Genius Party Beyond includes 5 short animated films that where not included in the original Genius Party, a Studio 4C led collaboration with the industry’s top directors and animators.
Dimension Bomb – Directed by Koji Morimoto who in the past also directed Magnetic Rose which was part of the Otomo short story anthology Memories (one of my favourite collection of short films). Sadly nowhere as good and frustratingly abstract despite the cool gritty cityscape imagery.
Gala – Directed by Mahiro Maeda a famous mech designer (Gunbuster, Last Exile, Escaflowne etc.) and animator who in the past also directed Gankutsuou: The Count of Monte Cristo. No mechs in this short, taking its cue from the nature motif in Miyazaki films (who Maeda did key animation work on). I didn’t care for this one at all, the art style really put me off.
Moondrive – Directed by Kazuto Nakazawa a noted character designer known for working on El Hazard and Samurai Shamploo. It’s no surprise that the animated short with the most charm, humour and wackiness was done by a character designer. This was my favourite of the bunch with its hand drawn art style and it not being a typical abstract short film. It’s about a ragtag gang on the moon looking for treasure.
Toujin Kit – Directed by Tatsuyuki Tanaka who in the past did Kin Jin Kitto in Studio 4C’s other series of short films Digital Juice. My second favourite out of the bunch about a strange world where a girl is raising alien lifeforms in stuffed animals. I like the art direction the best in this short as it evokes a depressing dystopian environment.
Wanwa the Puppy – Directed by Shinya Ohira a key animator in many of the biggest movies in anime such as Akira, Redline and Studio Ghibli movies. A short about a kid’s dream full of child fantasy imagery of candy, monsters and a puppy.
Overall not as good as the first anthology with only 2 out of the 5 worth watching. Hard to recommend over other anthologies and clearly the left overs that didn’t make it into the first Genius Party release.
Rating – C
Genre – Short Film Anthology
Length – 5 Shorts (Roughly 15 to 20 minutes each) Year – 2008
Durarara, one of the biggest new anime of 2010, is an action mystery set in the Tokyo city of Ikebukuro where a mysterious headless motocycle rider is heard blazing through the streets. The 24 episode show has two different arcs, the first half is a mystery surrounding the Dullahan (a celtic myth of a headless knight riding a horse with their head under an arm) who is looking to find her missing head. The second half is a tale of gang warfare in the fictionalized Ikebukuro with the same cast of characters who aren’t what they seem when initially introduced.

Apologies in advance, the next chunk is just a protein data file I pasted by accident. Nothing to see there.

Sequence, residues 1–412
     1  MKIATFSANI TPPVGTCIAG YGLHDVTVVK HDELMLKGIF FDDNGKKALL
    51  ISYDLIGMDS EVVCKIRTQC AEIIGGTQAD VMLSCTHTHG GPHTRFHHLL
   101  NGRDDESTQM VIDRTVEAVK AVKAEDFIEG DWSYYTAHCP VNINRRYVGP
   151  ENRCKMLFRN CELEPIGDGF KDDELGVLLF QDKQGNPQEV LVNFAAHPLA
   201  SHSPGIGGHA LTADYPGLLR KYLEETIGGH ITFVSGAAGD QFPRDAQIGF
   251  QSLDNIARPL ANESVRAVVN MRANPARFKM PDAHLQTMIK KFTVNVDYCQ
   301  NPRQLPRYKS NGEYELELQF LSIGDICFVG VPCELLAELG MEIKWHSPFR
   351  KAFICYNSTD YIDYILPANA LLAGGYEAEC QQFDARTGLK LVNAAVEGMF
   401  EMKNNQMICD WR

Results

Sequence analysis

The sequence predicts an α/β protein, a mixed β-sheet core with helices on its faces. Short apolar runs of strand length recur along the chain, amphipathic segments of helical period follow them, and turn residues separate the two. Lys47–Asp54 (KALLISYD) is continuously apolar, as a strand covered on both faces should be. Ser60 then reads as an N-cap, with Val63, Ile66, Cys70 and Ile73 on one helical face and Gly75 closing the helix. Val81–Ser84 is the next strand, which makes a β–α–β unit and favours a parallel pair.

Brain’s Base has produced few shows that interest me, but when combined with Omori they have an excellent track record. Together they put out the unique crime tale Bacano! which is a personal favourite of mine as well as other well received shows such as Natsume Yujin-Cho and most recently Kuragehime. He was also, strangely enough, the director of Koi Kaze which seemed to be well liked by fans of the genre but that genre is incest romance, definitely not a show I had any interest in. Anyway the point is that anything Omori does is well made and tries to do something interesting.
One of Baccano’s strong points was its action scenes, this carries on to Durarara which has some interesting and unconventional action moments. Some of the characters have supernatural powers and the way they fight are much more than the typical brawl. Another strong point of Omori’s works are the characters and in Durarara the strong points are the side characters ranging from the Celty the Dullahan, a black market doctor, a super human bartender, an information dealer and even a friendly russian sushi chef. However some might say that the main characters, who are a bunch of high school kids, are dull but as things progress their characters get more interesting.
Another positive point is the music which is appropriate in adding to the atmosphere of the scenes and didn’t seem repetitive. The animation is also sharp and fluid completing the whole package.
Durarara is an excellent show that deserves to do well in the the upcoming US DVD release (25th January). There are so few anime (2 or 3 a year) that appeal to my sort of tastes and I’m just glad this was made and was actually done well.
Rating – A
Genre – Action, Supernatural, Mystery Length – 24 Episode series Year – 2010
A compilation of 7 loosely related shorts in the Halo universe by 8 different directors and 6 studios. Like other US and Japan collaborations, such as the Animatrix, Halo Legends aims to tell the definitive back story of Halo universe (overseen by 343 Industries Frank O’Connor) as well as depicting different aspects of the covenant and human conflict.
The breakdown of director and animation studio is:
Origins (2 parts) directed by Hideki Futamura and animation production by Studio 4C.
The Duel directed by Hiroshi Yamazaki and animation production by Production I.G.
Homecoming directed by Koji Sawai and animation production by Bee Train.
Prototype directed by Yasushi Muraki and Tomoki Kyoda and animation production by Bones.
Odd One Out directed by Daisuke Nishio and animation production by Toei Animation.
The Babysitter directed by Toshiyuki Kanno and animation production by Studio 4C.
The Package directed by Shinji Aramaki and animation production by Casio Entertainment.
There is a wide range of different animation styles which on the most part are reflective of the studio that produced the short. For example the one done by Toei is in in that simple bright animation style that is reminiscent of Dragon Ball while Studio 4C in “The Babysitter” use their highly detailed realistic style (or in Origins their abstract style). Some of the shorts have a Japanese take on Halo such as in “The Duel” where the Covenant are basically depicted as Samurai but on the most part it sticks to the familiar Halo we know from the games. There is also quite a lot of focus on female spartans while Master Chief only prominently stars in the last short “The Package”.